IBM has taken to the road with the message that Intel's Nehalem EX processors coupled with Big Blue's system engineering talents has resulted in a platform well-suited for virtualization, consolidation and mission-critical applications. Does the server hardware live up to the praise?
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Analysts are predicting grim IT spending picture with longer life spans for server hardware, postponed refreshes and a surge in leasing highly likely.
Hard-Core Hardware: "Faster than a speeding bullet, more powerful than a locomotive, able to leap tall buildings in a single bound" -- will Nehalem EX be the cornerstone in x86 servers that are really as good as Intel claims?
New servers designed for cloud computing environments and an expanding focus on services show Dell is following the same model as IBM and HP.
As x86 servers increasingly dominate the landscape, is there room for RISC? Absolutely, says one prominent analyst.
A new series of Cisco's x86 servers said to provide double-digit performance gains will be formally announced in the coming weeks.
Facing an uphill fight against titans IBM, HP and Dell, the Japanese systems vendor believes it has its own secret sauce to take on the data center and gain cloud computing market share.
The classic brand is reborn as a super-dense, all-in-one x86 server with an integrated SAN, while larger siblings will sport more than 1,000 cores for virtualized environments.
Dell wants to help admins spend less time keeping x86 servers running. A new crop of Westmere-processor-based, self-healing machines are designed to be deployed and ignored.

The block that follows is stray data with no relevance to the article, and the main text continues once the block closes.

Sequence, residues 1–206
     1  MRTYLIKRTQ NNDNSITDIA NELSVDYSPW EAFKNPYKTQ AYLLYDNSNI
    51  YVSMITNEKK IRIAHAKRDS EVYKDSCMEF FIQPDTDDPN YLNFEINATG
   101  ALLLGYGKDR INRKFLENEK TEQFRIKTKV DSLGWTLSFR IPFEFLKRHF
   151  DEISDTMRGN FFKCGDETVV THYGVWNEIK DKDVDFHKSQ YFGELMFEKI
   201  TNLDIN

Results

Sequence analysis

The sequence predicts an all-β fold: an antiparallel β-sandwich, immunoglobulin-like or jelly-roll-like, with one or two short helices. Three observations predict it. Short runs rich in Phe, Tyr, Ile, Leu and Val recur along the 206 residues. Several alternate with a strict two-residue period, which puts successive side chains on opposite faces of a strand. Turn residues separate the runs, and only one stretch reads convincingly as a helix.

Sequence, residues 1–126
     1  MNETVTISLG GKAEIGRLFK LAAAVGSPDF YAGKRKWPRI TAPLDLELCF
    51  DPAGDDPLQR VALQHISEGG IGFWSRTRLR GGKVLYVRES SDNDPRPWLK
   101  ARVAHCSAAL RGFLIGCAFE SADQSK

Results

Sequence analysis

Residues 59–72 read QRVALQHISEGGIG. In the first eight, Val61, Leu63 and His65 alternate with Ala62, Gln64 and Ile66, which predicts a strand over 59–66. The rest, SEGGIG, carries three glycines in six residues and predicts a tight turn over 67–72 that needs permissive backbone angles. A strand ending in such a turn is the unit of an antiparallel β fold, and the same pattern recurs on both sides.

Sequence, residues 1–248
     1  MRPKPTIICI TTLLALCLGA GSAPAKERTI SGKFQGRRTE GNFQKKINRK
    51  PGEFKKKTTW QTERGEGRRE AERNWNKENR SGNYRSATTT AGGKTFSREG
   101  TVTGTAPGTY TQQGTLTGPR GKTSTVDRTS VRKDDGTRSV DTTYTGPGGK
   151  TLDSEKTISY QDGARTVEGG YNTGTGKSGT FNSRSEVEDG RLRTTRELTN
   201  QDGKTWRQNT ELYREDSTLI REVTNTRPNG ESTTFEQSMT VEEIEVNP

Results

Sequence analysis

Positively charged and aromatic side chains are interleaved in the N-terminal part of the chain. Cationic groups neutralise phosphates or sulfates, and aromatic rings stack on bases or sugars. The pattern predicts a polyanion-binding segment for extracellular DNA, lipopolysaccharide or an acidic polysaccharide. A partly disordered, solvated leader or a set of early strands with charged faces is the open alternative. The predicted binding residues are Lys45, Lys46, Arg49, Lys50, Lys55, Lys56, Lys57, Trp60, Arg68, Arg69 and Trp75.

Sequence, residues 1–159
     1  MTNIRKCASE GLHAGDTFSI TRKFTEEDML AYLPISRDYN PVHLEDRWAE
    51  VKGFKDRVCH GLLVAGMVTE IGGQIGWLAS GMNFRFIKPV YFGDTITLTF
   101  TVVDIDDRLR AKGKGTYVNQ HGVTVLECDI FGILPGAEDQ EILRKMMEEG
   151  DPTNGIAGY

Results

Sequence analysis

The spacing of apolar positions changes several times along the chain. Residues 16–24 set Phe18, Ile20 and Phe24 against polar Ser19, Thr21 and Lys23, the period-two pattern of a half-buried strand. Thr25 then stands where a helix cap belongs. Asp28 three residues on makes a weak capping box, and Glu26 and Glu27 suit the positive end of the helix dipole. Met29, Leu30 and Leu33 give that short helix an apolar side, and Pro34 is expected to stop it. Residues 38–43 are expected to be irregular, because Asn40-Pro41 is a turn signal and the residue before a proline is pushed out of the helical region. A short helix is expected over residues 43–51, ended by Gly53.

As UNIX- and RISC-based servers lose ground to x86, should you consider making the switch? Is it the beginning of the end for UNIX servers?
After a year of spiraling toward the ground, server sales may be pulling out of the dive, with x86 servers leading the pack. Revenue continued to fall, yet it's still progress.
With Sun now part of Oracle, how much has its server line up changed? Not at all -- at least not yet. We look down the road to evaluate the changes likely to have an impact on server room management decisions.
With virtual servers on almost every enterprise's road map, backup-related issues are increasingly on the radar.
Sure, Intel is inside the box, but did you know sometimes Intel is the box? Here are five servers that the company best known for its chips sells to OEMs and other resellers. Is one of these right for you?
Two new single-socket servers from Fujitsu are aimed at two very different markets.
Cisco entered the server market in 2009 with its Unified Computing System, a series of blades and a chassis designed to simplify deployment, particularly for virtualized environments. See how its offerings compare to those of the more established players.
Many lessons in managing computer centers the size of a football field were learned this year. How much of that will stick in 2010?
Server Snapshot: Dell has pushed Sun out of the No. 3 server spot. Given the OEM's new array of products, will it be long before Dell's ascendancy places it at IBM's and HP's backs?
Hard-Core Hardware: Cisco Unified Computing System and HP BladeSystem currently lead in the all-in-one box market, but they may soon face stiff competition from upstart Liquid Computing.
Like a tenant who refuses to be evicted from an area earmarked for redevelopment, tape is alive and kicking. When it comes to long-term backup retention and archiving, it is holding its own against dedupe especially among large enterprises.
Hard-Core Hardware: The age of solar power is fast arriving, and it may be keeping the lights on in a data center near you. The former downsides, chiefly cost constraints, no longer apply.
Hard-Core Hardware: Disk fragmentation is a significant problem for many data centers. Virtualization only makes it worse. Find out what steps you can take to mitigate it.
Server Snapshot: Penguin Computing has always, as its name implies, focused on developing best practices for Linux-based systems, software and services, particularly in the HPC space.
Hard-Core Hardware: Can NEC make the economic case for its new fault-tolerant servers?
Few technologies last 30 years, let alone become more dominant with each passing one, but the x86 architecture has done just that.